All supporters of quality, affordable, health care for all have a tough balancing act: being a clear, strong voice for the urgency and necessity of health reform, while at the same time insisting on the provisions and policies to make it workable and meaningful.
Luckily, we have an example of a very good reform proposal to support with H.R.3200, and to a lesser extent, the version of the Senate bill passes by the Kennedy HELP Committee. These are proposals to rally around.
But the proposal coming out of the Senator Baucus' Senate Finance Committee does raise serious concerns. The framework is similar to the other proposals that we support. But the details matter on key issues on affordability, securing employer-based coverage, and the public health insurance option.
And some of those details are very concerning.
Senator John Rockefeller, who is one of the most knowledgeable elected leaders on health policy issues, said today he couldn't support the current Baucus proposal (as reported by Jon Cohn at The New Republic).
Here are some issues of importance, some major, some specific. There's a lot of links below, but they are worth your time--it's my best compilation of the current flashpoints regarding the details in the debate:
* The ThinkProgress WonkRoom goes into the crucial specifics of Medicaid and SCHIP, as well as the state's share of financing
. These are key issues, ones that impact the health coverage of millions of Americans, that Senator Rockefeller is raising as well.
* Jon Cohn also had a scoop on the affordability subsidies
in the Baucus bill, and what they provide--and what they don't. Elsewhere, he correctly wonders why it makes sense politically to take out the assistance to middle-class families
in order to make minor reductions to the overall cost of the bill.
* Ezra Klein of the Washington Post challenges Senator Snowe to find any economist who agrees with the employer responsibility section
of the Baucus framework. This "free-rider" concept has gotten other negative comments
and an entire Center for Budget and Policy Priorities paper
on why it's unworkable and unwise, especially in comparison to the more sensible proposals to secure employer-based coverage in the House and Senate HELP bills.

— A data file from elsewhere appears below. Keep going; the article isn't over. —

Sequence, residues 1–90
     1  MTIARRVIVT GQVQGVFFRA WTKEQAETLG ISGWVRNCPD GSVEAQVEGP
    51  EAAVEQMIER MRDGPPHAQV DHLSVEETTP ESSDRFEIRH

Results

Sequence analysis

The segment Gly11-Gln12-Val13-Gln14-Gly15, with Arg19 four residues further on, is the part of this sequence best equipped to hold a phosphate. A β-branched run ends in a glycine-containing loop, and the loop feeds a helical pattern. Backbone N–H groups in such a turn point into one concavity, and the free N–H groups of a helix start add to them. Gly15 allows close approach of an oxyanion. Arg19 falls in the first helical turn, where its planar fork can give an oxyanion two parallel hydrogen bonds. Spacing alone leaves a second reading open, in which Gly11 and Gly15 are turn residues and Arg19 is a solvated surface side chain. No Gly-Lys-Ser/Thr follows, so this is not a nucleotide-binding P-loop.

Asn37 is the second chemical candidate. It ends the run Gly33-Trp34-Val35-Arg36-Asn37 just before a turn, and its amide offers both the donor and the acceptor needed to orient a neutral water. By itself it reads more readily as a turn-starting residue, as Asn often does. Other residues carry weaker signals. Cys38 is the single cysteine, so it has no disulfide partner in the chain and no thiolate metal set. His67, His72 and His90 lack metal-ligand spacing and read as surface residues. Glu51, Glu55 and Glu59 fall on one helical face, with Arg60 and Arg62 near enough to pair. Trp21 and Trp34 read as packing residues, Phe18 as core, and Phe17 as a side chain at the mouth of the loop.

* Michael Hiltzik of the Los Angeles Times takes on the complicated issue of the structure of the new exchange
to get coverage, and draws exactly the right conclusion from California's experience. Some have used the failure of PACAdvantage to argue that pools don't work. The real lesson is the rules they live under, and whether we allow insurer to "cherry-pick" the customers they want.
* Michael Scherer of Time.com's Swampland reports about a troubling push to include undue exclusions for undocumented immigrants from the exchange
to buy coverage. It's one thing to bar federal funds from subsidizing coverage for undocumented immigrants--which is in all the bill being considered (without comment on whether that's a good or bad policy--that's in the bills now.) It makes no sense to exclude them from buying private coverage with their own money and wages--it leaves them uninsured, health providers often unpaid, and simply places more paperwork burdens on the rest of us.
* Other issues, like the public health insurance option, are brought up in the last issue of Health Wonk Review
, was posted at the Lucidicus Project over a week ago, but has a very good run down on these topics and many more.
We have our work cut out for us not just to pass health reform, but to make it a good health reform. The Senate Finance Committee isn't the end of the process, but a step along the way. If this was easy, it would have been done before.
Finally, to make it clear what we are fighting for, and if you want to see how a good health reform would help so many consumers, check out this interactive graphic from the House Education and Labor Committee, which tells you how H.R.3200 would directly help you after knowing your specific situation
Labels: Federal, HealthReform, Legislation
posted by Anthony Wright |